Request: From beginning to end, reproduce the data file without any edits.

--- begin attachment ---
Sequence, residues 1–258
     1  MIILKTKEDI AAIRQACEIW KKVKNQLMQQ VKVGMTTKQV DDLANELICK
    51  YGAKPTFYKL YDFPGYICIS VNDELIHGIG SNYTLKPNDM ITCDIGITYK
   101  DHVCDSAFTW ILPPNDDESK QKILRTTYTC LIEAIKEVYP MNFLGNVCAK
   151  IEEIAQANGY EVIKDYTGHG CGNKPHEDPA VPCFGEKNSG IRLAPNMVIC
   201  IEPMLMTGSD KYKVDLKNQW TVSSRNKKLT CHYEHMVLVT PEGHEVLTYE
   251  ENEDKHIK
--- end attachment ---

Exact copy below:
Sequence, residues 1–258
     1  MIILKTKEDI AAIRQACEIW KKVKNQLMQQ VKVGMTTKQV DDLANELICK
    51  YGAKPTFYKL YDFPGYICIS VNDELIHGIG SNYTLKPNDM ITCDIGITYK
   101  DHVCDSAFTW ILPPNDDESK QKILRTTYTC LIEAIKEVYP MNFLGNVCAK
   151  IEEIAQANGY EVIKDYTGHG CGNKPHEDPA VPCFGEKNSG IRLAPNMVIC
   201  IEPMLMTGSD KYKVDLKNQW TVSSRNKKLT CHYEHMVLVT PEGHEVLTYE
   251  ENEDKHIK